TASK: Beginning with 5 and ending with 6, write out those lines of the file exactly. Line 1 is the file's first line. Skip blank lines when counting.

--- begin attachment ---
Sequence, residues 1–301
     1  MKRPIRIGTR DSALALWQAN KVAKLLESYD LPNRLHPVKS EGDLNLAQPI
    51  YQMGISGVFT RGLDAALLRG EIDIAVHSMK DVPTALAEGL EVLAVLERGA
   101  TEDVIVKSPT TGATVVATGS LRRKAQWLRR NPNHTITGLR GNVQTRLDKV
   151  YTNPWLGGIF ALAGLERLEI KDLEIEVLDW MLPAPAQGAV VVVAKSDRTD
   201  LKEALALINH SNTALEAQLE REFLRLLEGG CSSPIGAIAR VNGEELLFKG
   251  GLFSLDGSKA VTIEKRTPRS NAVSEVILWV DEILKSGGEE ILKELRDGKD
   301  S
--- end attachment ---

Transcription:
   151  YTNPWLGGIF ALAGLERLEI KDLEIEVLDW MLPAPAQGAV VVVAKSDRTD
   201  LKEALALINH SNTALEAQLE REFLRLLEGG CSSPIGAIAR VNGEELLFKG